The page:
James Madison Papers

To James Madison from Elias Earle, 6 April 1812

From Elias Earle

House of Representatives 6th. april 1812


Agreable to Your request this morning I called on Genl. Dearborn to make a further Statement of my business. He gave me for answer that he thought it unnessasary to say more as the Case was before You & at Your discression—that the prices of the Iron & Iron tools could readily be got from the accountants office when Such articles had been settled for. That with respect to the Quantity of Land to be conveyed to me, it also rested with the President—but that he would See him & should Give it as his Opinion that one fourth of said purchase would be but reasonable for the purpose of said Works &. As General Dearborn is Expected to leave the city of Washington Soon—When Ever he comes to the presidents, Will it not be the only way to satisfy the president, by his asking Genl. Dearborn such Questions as he may think proper to satisfy himself—for Which purpose & that he may be fully satisfied on the Subject—I have Taken the liberty of enclosing Copies of Such letters—the Treaty—& the statement1 Given to me by Genl. Dearborn as I have in my possession at this time.

Which freedom I hope the President will Excuse me for. I am Very Respectfully Your Obt Sert

Elias Earle2

RC and enclosures (DLC). Docketed by JM. For enclosures, see n. 1.

1Earle enclosed the following documents: 1) an extract of Henry Dearborn to Return Jonathan Meigs, Sr., 28 Feb. 1807, mentioning that Earle wished to establish an ironworks in the Cherokee Nation, if a suitable tract could be ceded, and requesting Meigs to sound out the Cherokee chiefs (1 p.); 2) an extract of Dearborn to Meigs, 26 Mar. 1808, warning Meigs against allowing the Cherokee to cede a six-mile-square tract at the mouth of the Chickamauga Creek to the state of Tennessee, this tract having already been ceded to the U.S., though the Senate had not yet ratified the treaty (1 p.); 3) an undated extract from a letter from Dearborn to Meigs, apparently referring to the above-mentioned tract (1 p.); 4) a copy of Meigs to Earle, 20 June 1807, mentioning that the Cherokee chiefs were pleased by Earle’s proposed ironworks and listing possible locations for it (2 pp.); 5) a copy of the articles of a treaty made between Meigs and the Cherokee, 2 Dec. 1807, ceding a six-mile-square tract at the mouth of the Chickamauga Creek for an ironworks, signed by the Cherokee chiefs and warriors and witnessed by Earle and others (4 pp.; printed in ASP description begins American State Papers: Documents, Legislative and Executive, of the Congress of the United States … (38 vols.; Washington, 1832–61). description ends , Indian Affairs, 1:753–54); 6) a copy of Meigs to Dearborn, 3 Dec. 1807, transmitting the treaty of 2 Dec. 1807 (2 pp.; printed ibid., 1:753); 7) a letterpress copy of [Dearborn] to [Meigs], 29 Oct. 1808, containing instructions to detain and punish the Cherokee James Vann for crimes committed against two U.S. citizens and also to remove intruders from the Cherokee lands near the Elk River (2 pp.); and 8) a copy of a statement from Dearborn, 29 Mar. 1812, summarizing the history of Earle’s efforts to establish an ironworks in the Cherokee Nation and declaring that either Earle was entitled to some compensation for his efforts or the treaty [of 2 Dec. 1807] should be enforced, that treaty having been suspended awaiting the resolution of a dispute between the U.S. and Tennessee over the land ceded (5 pp.).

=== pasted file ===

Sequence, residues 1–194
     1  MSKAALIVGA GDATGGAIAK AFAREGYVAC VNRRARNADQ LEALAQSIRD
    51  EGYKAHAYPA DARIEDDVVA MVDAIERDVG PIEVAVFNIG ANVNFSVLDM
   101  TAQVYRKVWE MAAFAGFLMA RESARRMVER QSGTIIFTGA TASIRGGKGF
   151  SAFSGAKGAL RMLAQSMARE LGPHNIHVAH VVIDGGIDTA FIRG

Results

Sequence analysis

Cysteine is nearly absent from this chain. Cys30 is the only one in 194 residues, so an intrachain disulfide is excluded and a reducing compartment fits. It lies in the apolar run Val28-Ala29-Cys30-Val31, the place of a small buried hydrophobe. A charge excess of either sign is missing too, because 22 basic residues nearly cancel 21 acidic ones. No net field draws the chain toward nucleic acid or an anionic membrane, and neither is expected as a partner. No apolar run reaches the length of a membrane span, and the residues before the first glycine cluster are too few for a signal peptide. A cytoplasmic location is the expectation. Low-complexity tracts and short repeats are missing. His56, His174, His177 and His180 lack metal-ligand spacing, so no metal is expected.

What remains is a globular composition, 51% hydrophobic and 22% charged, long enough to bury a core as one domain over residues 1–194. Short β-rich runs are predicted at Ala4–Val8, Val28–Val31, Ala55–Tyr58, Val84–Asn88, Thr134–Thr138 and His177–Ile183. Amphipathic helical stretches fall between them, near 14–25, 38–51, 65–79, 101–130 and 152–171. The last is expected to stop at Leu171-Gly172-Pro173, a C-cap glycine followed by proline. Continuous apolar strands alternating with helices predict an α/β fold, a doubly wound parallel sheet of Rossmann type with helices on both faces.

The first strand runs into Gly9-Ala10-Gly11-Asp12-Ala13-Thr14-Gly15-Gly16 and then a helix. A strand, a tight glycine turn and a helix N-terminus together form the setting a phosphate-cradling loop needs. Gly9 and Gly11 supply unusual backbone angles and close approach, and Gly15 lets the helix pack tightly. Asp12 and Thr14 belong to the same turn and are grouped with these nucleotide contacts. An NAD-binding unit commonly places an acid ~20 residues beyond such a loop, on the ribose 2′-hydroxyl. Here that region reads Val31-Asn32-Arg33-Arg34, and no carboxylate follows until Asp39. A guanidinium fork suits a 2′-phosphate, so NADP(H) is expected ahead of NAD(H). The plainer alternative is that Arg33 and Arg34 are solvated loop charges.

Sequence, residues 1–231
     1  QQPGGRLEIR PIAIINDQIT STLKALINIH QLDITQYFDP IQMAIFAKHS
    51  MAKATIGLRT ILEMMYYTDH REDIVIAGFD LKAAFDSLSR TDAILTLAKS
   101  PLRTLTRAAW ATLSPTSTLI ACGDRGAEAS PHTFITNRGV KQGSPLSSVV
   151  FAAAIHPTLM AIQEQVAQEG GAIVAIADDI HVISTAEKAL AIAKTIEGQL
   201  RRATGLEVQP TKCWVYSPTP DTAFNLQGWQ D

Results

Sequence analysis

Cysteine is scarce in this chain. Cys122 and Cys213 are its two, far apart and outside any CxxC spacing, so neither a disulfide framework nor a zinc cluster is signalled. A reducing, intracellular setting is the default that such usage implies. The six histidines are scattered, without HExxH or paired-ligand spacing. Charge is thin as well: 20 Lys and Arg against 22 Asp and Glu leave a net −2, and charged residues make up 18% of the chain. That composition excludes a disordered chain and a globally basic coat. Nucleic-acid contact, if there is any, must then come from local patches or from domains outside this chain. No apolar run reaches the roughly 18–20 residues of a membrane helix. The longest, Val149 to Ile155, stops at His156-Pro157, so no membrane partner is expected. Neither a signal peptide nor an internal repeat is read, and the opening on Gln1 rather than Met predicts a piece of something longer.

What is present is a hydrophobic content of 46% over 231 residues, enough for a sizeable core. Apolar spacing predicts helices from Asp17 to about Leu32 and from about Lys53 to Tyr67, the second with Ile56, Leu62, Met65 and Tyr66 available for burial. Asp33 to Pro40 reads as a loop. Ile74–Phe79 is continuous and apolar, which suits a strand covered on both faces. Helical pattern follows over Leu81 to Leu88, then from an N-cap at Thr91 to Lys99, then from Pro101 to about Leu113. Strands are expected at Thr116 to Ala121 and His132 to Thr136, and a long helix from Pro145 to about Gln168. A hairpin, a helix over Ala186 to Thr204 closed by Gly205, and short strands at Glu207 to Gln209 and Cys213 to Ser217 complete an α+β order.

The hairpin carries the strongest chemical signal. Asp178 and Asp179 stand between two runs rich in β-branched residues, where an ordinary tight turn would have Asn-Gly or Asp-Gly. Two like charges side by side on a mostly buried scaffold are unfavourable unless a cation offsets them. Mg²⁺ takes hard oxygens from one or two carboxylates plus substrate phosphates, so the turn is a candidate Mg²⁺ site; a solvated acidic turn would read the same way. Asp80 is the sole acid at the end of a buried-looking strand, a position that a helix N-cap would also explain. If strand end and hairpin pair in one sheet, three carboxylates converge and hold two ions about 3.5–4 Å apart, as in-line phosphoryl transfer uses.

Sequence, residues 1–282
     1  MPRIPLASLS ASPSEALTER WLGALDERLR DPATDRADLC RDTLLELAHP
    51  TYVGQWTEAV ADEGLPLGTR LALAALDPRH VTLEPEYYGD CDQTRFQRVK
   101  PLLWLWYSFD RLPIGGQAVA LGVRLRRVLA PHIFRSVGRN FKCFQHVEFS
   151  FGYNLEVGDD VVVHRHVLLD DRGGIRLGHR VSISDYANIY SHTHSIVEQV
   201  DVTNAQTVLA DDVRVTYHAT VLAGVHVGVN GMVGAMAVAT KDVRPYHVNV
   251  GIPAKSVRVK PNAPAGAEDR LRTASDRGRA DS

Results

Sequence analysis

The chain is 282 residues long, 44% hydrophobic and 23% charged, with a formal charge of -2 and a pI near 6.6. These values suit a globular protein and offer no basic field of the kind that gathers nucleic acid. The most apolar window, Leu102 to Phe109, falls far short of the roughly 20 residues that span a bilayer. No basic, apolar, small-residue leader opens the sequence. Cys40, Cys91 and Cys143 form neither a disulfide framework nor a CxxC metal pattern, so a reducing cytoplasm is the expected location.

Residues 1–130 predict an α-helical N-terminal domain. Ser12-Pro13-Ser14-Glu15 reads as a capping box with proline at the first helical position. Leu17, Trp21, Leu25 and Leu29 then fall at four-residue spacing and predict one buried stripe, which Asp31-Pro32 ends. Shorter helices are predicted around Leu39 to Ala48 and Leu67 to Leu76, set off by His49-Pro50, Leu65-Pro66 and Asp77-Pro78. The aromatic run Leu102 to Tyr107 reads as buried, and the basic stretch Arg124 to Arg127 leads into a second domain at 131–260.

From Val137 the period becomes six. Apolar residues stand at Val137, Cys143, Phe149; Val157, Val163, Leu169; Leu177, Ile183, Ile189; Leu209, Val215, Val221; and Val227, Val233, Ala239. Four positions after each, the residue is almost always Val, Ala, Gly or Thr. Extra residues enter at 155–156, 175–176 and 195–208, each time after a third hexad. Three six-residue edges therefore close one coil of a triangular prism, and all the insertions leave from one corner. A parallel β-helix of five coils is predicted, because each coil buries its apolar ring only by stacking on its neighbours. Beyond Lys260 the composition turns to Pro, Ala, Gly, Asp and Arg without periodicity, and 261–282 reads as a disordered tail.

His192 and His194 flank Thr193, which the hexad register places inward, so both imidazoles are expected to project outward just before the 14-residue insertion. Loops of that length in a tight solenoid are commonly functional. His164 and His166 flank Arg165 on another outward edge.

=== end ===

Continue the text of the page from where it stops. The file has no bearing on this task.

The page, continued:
2Elias Earle (1762–1823) was born in Virginia and moved to South Carolina in 1787. For several years beginning in 1807 he was engaged in an effort to obtain from the Cherokee the cession of lands containing iron ore deposits on which he planned to develop an ironworks and a government arsenal. The U.S. negotiated the cession, the opposition of some of the Cherokee leaders notwithstanding, but the scheme fell through after the state of Tennessee laid claim to the lands sought by Earle. By 1810 Earle had settled in the Pendleton District of South Carolina, where he managed both an ironworks and a plantation. He served in the South Carolina House of Representatives (1794–95, 1796–97) and in the Senate (1798–99, 1800–1801, 1802–4) and was elected as a Republican to the U.S. House of Representatives, where he served five terms between 1805 and 1821 (Edgar et al., Biographical Directory of the South Carolina House of Representatives, 4:176–77; McLoughlin, Cherokee Renascence in the New Republic, pp. 109, 119–20, 122–23, 126–27, 133–34).

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